Navy Concerned About Chinese Anti-Ship Missiles. New Chinese Stealth Aircraft? Not So Much

Posted: January 5, 2011 in Uncategorized
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From the Wall Street Journal regarding the just revealed Chinese stealth aircraft known as the J-20:

“One of the things that is probably true, is we have been pretty consistent in underestimating the delivery … of Chinese technology and weapons systems,” Adm. Dorsett said. “They enter operational capability quicker than we frequently project.”

Adm. Dorsett is the deputy chief of naval operations for information dominance.  And yes, quicker by about a ten years from the SecDef’s estimate:

In a May 2010 speech, he said: "Is it a dire threat that by 2020 the United States will have only 20 times more advanced stealth fighters than China?"

China’s space capabilities have made similar spectacular leaps in progress.  Ah, but back to the air issue:

…Dorsett would not immediately say if he thought the pictures of the J-20 were authentic and said it was not clear when the plane would be operational. Under further questioning, he said that the plane could be years away from being operational.

He expressed less doubt however, on China’s advances in anti-ship missile technology. Beijing’s new weapons have increased the probability that they could fire a salvo of missiles and hit a moving target, like an aircraft carrier.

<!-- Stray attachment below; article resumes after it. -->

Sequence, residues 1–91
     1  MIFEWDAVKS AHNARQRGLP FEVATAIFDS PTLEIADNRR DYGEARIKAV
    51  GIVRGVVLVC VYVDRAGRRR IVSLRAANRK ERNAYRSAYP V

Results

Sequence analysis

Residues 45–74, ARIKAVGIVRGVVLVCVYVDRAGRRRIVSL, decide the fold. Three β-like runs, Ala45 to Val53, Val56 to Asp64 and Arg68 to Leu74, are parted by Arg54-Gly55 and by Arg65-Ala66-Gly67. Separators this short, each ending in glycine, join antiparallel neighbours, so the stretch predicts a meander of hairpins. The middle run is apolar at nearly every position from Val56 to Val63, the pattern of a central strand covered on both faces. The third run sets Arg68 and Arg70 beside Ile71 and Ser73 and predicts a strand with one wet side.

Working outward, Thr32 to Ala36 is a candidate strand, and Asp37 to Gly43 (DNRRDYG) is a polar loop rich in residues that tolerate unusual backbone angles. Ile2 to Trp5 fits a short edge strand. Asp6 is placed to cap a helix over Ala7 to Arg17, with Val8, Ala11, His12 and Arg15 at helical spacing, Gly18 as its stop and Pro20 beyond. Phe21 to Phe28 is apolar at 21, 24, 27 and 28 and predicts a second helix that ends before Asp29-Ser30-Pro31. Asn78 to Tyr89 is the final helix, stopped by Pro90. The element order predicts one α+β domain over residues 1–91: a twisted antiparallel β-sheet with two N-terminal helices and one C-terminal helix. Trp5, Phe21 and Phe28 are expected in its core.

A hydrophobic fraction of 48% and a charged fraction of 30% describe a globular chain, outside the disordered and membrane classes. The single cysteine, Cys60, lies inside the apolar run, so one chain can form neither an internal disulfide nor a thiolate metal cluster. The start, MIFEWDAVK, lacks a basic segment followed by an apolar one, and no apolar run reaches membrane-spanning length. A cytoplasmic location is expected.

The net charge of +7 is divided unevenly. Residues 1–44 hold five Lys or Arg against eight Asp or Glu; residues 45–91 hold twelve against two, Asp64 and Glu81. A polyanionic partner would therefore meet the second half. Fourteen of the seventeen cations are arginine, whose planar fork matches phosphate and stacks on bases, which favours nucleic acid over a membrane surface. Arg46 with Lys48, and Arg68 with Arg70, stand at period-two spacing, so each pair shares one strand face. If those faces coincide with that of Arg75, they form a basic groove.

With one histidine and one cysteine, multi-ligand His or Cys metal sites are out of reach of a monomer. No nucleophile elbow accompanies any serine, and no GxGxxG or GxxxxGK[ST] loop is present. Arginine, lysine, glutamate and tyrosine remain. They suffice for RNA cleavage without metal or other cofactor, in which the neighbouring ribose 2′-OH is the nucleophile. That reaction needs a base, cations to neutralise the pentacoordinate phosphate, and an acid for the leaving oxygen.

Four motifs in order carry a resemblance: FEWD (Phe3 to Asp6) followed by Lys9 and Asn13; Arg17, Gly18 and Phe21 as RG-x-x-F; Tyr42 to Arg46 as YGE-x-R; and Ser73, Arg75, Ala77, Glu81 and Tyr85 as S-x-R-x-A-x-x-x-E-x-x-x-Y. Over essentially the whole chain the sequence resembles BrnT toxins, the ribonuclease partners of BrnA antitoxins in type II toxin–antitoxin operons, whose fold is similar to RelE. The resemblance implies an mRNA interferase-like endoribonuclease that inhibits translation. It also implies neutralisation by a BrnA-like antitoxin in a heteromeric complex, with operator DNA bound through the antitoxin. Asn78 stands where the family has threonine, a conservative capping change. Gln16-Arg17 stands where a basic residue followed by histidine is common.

Shocking that the Navy would consider the anti-ship threat more credible (which it really is, but still…) than the J-20.

Still, airpower is important enough for all the services to have their own air forces.  With space-enabled Chinese anti-ship missiles making U.S. naval forces operate further off shore, long-range U.S. power projection (new stealthy longer-range bombers or long-range — think up to and including intercontinental distances — conventional strike) will become increasingly important.

Could the Chinese have let the J-20 cat out of the bag to coincide with Gates’ trip?  And does the intelligence community — from which Gates came — ever worry about being cumulatively sent away?

  1. […] It was the Soviet Union which created and trained the North Korean Army.  In 1990 during the period of glasnost, Moscow confirmed that it was Stalin who had personally approved the plan to attack the South, an invasion which began on the night of 24/25 June 1950.  The Korean War, launched with Moscow’s support and covert participation, ended in 1953 leaving the country permanently partitioned.  Ever since then there has been an almost constant propaganda war replete with border incidents and punctuated by occasional acts of war.  Most spectacularly, in 1983, for example, North Korean agents in Burma murdered 17 members of a visiting South Korean delegation, including four Cabinet ministers.  The directives were thought to have come directly For more on this topic you can read:… […]

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